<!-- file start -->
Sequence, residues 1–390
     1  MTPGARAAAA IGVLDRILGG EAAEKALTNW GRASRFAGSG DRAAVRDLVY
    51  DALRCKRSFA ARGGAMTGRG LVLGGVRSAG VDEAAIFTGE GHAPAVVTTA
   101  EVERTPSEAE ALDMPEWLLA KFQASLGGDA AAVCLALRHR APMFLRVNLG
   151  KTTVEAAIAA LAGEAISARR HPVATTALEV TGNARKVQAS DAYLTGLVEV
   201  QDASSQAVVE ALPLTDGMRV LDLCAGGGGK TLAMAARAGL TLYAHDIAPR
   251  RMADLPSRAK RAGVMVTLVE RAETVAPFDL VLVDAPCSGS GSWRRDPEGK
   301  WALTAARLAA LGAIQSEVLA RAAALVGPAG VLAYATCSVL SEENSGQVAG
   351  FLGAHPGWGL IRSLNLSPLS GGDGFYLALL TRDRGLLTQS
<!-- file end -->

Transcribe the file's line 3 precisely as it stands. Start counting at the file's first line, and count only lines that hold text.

    51  DALRCKRSFA ARGGAMTGRG LVLGGVRSAG VDEAAIFTGE GHAPAVVTTA